Review: I, Tonya

I TONYA was previously reviewed as part of our TIFF 2017 coverage.

PLOT: The life of disgraced figure skater Tonya Harding (Margot Robbie).

REVIEW: Director Craig Gillespie, writer Steven Rogers and star Margot Robbie have done something pretty amazing. They’ve made audiences at TIFF, if not fall in love with then at least sympathize with, Tonya Harding. For those not quite old enough to remember, just before the O.J Simpson media circus happened, the saga of Tonya Harding, a working-class skater out of sorts in the skating world, and her rival Nancy Kerrigan, a princess-like figure, played out on tabloid TV shows every night. The hook was that someone in Harding’s camp had Kerrigan’s knee clubbed, with no one believing Harding, who was already being considered the bad girl in the rivalry, could be innocent.

I, TONYA doesn’t come straight-out and say she’s innocent. As played by Robbie, Harding is far from perfect, with her drive and talent making her a ruthless competitor who, at her best, was complicit in covering up what her shady ex-husband, Jeff Gilooly (Sebastian Stan) and his moronic friend Shawn (Paul Walter Hauser) had done. But, she’s also something of a victim of circumstance, growing up under an abusive mother (Allison Janney) and later marrying an wife-beater, although the mockumentary style leaves open the possibility that Hardin could be stretching the truth, with them calling her a liar every-time she flashes back to an abusive episode.

If it sounds heavy-duty, well, it’s not really. I, TONYA is actually a whole lot of fun with Gillespie turning this into a sprawling slice of pop-culture flashback, fusing the story with wall-to-wall songs from the era, and a constantly moving camera. It’s Scorsese-lite, but done very well.

Through it all, this is never less than a showcase for the entire cast, with Robbie getting the role of a lifetime as the complicated Hardin, embracing the trashy side that has her paint her fingernails blue and blast ZZ Top during her early routines, but also evoking the real snobbery and struggles she faced. As she plays it, there’s something redemptive in her drive. As Gilooly, Stan will totally make you forget about The Winter Soldier, playing a scumbag for the ages (not unlike Eric Roberts in STAR 80) and Hauser steals scenes as his dimwitted friend, while Julianne Nicholson is alternately sweet and hilarious as Hardin’s timid, buttoned-up trainer.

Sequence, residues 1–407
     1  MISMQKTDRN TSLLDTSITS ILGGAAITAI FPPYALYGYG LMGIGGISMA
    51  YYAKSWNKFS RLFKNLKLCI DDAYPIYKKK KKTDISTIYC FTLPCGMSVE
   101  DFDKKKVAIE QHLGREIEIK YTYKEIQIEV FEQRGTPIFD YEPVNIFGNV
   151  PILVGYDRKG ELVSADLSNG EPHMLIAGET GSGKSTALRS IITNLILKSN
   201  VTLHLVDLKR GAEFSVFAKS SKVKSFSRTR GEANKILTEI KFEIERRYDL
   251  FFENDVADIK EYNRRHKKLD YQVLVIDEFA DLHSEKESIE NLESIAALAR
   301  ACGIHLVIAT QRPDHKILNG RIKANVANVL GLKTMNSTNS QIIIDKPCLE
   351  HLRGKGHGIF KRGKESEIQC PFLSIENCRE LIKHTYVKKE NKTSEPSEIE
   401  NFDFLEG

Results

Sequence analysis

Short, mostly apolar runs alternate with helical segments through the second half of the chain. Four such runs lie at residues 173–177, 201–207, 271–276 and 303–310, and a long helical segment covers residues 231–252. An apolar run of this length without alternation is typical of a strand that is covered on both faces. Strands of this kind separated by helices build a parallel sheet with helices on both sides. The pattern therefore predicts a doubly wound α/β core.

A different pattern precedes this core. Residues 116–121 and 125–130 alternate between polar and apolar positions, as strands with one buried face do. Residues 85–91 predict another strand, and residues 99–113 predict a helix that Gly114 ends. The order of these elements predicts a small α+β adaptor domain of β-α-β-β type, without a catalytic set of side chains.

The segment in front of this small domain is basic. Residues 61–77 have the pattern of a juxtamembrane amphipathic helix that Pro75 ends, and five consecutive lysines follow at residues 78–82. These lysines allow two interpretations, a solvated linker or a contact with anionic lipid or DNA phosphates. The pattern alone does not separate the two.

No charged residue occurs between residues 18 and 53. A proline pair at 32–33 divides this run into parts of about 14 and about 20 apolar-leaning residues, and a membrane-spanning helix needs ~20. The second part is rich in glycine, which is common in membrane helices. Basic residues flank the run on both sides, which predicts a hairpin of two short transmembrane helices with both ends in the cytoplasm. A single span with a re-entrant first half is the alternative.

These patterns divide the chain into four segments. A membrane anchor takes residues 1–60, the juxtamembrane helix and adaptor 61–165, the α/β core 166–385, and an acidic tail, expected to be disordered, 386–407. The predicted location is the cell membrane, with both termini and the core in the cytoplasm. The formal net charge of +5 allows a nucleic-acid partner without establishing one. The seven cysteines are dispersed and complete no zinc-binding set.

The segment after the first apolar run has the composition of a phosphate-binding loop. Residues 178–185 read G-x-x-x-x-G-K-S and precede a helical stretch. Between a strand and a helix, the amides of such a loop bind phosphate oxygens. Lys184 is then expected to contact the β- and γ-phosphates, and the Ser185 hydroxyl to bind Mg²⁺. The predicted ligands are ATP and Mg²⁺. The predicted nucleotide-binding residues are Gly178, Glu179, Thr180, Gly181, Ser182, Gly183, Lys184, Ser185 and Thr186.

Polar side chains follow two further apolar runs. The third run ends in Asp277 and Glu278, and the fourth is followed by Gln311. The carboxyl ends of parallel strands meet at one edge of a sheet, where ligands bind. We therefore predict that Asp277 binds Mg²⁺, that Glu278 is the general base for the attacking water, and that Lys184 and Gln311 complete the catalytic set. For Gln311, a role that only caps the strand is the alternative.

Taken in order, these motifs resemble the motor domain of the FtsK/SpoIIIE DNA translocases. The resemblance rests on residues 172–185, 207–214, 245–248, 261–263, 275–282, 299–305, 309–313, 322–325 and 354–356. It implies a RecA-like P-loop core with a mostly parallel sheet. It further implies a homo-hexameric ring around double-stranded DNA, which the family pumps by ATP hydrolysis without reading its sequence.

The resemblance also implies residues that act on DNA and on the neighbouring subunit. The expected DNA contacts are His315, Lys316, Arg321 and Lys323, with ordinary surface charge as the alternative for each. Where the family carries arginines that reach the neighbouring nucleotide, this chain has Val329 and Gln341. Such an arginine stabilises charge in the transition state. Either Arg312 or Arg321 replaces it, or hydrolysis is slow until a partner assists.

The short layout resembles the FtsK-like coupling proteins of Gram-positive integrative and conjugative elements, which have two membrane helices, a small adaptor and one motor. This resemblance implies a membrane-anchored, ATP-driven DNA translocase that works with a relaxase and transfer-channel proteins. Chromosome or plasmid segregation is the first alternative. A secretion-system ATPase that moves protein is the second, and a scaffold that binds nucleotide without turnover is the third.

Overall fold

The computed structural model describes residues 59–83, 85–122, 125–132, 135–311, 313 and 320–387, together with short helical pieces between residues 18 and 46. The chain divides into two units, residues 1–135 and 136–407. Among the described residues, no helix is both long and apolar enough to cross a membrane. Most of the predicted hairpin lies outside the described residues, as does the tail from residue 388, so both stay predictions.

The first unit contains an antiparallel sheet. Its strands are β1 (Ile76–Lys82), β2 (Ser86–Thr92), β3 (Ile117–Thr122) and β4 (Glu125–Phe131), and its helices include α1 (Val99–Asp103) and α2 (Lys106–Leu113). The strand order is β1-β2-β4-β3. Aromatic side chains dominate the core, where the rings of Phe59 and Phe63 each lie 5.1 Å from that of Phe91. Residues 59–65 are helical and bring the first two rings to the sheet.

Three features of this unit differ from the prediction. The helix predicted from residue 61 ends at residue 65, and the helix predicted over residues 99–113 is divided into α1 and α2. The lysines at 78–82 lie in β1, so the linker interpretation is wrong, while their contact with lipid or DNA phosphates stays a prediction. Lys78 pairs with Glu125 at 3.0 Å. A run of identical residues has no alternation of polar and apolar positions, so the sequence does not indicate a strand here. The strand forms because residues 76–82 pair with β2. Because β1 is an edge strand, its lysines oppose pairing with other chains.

Of everyone, the actress that will walk away with the most heat is Janney, who seems a best supporting actress lock if this gets a fourth quarter release. Part hilarious, part terrifying as Hardin’s mom, she plays a horrifying villain, but you can’t take your eyes off her, with her and Robbie playing off each other magnificently.

All told, I, TONYA verges on being a perfect film, were it not for a few small things that could be corrected before release, such as some bad CGI in the ice-skating sequences. Otherwise, this is one of TIFF’s big breakout hits, and one you’ll be hearing a lot about as the awards season heats up.

Review: I, Tonya



About the Author

Chris Bumbray began his career with JoBlo as the resident film critic (and James Bond expert) way back in 2007, and he has stuck around ever since, being named editor-in-chief in 2021. A voting member of the CCA and a Rotten Tomatoes-approved critic, you can also catch Chris discussing pop culture regularly on CTV News Channel.